1. The laws delivered from his mouth. Or rather,

2. The plagues or punishments (as this same word is used here, Psalm 105:7, and every where) which he brought upon Egypt by his mere word or command, as is oft noted in the history of them in Exodus. Remember his marvellous works which he hath done,.... Which Aben Ezra interprets of the works of creation; rather they seem to design the works of Providence in favour of the children of Israel: best of all, works of grace done for his saints, none of which are to be forgotten; especially the great work of redemption and salvation, for the remembrance of which, under the New Testament, an ordinance is particularly appointed.

His wonders, and the judgments of his mouth: the above Jewish writer, by "wonders", understands the miracles in Egypt, the plagues inflicted on the Egyptians;

and by the judgments of his mouth, the laws and statutes given at Sinai: each of which were indeed to be remembered: but "his wonders" may take in all the wonderful things done in Egypt and in the wilderness, and in settling the Israelites in the land of Canaan; and "his judgments" may also intend the judgments which he threatened to bring upon the enemies of Israel, and which he did bring upon them as he said. The wonders of his grace, of his law and Gospel, his judgments and his testimonies, are not to be forgotten.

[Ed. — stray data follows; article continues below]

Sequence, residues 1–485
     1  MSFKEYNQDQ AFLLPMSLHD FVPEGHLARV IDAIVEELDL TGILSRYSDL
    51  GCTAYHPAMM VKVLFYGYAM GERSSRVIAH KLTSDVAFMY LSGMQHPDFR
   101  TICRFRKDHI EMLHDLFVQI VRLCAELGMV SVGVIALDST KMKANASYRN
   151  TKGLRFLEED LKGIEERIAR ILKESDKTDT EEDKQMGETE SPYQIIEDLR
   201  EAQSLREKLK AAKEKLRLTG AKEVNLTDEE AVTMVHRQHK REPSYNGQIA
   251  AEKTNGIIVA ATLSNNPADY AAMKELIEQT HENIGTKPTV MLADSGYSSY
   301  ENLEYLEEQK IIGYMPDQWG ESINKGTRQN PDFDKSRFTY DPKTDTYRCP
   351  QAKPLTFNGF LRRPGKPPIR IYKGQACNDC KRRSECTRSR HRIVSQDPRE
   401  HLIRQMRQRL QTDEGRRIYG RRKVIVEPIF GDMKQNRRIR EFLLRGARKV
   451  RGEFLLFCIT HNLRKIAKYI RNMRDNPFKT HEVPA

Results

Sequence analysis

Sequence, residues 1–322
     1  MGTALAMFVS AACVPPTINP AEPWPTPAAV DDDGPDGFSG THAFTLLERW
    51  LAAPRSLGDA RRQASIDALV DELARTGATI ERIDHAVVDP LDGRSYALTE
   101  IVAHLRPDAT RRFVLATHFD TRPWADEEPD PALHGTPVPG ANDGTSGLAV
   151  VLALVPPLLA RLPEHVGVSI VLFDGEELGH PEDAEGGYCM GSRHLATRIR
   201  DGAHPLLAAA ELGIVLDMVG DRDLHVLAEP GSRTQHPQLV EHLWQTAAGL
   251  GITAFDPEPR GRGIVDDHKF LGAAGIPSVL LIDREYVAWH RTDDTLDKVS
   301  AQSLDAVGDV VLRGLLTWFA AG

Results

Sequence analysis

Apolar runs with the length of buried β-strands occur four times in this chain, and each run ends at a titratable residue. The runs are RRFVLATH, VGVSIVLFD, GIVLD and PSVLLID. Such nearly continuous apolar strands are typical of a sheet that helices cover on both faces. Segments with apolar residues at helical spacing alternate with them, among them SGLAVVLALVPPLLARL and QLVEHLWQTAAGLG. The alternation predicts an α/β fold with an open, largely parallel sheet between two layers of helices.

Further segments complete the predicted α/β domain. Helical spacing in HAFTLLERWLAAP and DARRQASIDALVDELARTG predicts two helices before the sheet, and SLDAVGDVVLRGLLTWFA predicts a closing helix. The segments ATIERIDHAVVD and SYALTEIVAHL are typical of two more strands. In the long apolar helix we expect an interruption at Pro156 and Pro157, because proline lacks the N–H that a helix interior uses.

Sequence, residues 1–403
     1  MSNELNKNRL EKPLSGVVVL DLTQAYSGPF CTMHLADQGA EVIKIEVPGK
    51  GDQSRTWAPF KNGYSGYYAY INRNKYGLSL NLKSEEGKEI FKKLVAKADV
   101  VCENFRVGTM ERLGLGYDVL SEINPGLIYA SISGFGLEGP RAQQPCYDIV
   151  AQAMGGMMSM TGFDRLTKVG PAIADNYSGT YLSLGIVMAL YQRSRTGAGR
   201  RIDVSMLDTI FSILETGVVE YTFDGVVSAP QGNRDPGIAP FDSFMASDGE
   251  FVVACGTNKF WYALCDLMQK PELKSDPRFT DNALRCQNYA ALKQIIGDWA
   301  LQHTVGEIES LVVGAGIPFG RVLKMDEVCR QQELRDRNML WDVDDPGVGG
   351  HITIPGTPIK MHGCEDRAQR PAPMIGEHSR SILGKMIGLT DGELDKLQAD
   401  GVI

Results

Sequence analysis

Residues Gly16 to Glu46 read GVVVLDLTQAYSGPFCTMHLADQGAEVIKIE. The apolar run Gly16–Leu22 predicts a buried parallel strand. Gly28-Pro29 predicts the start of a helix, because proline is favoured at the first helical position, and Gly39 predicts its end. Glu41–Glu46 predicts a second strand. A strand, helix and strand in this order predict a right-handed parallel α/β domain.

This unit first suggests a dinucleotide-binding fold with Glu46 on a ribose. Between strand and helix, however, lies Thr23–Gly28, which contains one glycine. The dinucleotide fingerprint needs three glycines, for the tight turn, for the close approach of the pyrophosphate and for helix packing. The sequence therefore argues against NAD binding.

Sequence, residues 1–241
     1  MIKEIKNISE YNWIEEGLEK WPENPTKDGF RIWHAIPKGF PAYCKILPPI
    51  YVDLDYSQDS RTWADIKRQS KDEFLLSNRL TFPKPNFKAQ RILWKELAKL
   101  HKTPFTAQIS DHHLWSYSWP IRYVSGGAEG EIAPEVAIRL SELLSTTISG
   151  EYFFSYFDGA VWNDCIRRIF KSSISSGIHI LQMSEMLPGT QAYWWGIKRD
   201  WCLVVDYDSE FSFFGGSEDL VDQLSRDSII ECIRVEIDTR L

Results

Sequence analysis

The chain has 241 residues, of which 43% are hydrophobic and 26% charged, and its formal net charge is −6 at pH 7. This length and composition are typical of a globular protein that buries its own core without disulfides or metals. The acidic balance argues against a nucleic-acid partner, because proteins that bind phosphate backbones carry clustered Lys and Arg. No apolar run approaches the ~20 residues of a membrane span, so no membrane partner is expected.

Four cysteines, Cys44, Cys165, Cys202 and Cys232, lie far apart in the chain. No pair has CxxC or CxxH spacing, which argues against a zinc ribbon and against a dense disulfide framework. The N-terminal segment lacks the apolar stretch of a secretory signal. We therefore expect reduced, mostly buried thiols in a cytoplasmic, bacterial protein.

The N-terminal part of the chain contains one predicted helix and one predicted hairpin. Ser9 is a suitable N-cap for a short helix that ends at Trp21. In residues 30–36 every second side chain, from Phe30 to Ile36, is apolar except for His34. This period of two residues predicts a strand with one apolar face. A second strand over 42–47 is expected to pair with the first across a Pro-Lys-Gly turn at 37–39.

Remember his {c} marvellous works that he hath done; his wonders, and the {d} judgments of his mouth;

(c) Which he has wrought in the deliverance of his people.

(d) Because his power was declared living by this, as if he would have declared it by mouth.

EXEGETICAL (ORIGINAL LANGUAGES)
5. Remember] Compare the frequent injunctions in Deuteronomy (Deuteronomy 7:18; Deuteronomy 8:2; &c.). But Israel’s history had been one long record of forgetfulness (Psalm 78:11).

his wonders] A word often coupled with ‘signs’ (Psalm 105:27; Deuteronomy 4:34; &c.) to denote the miracles of the Exodus.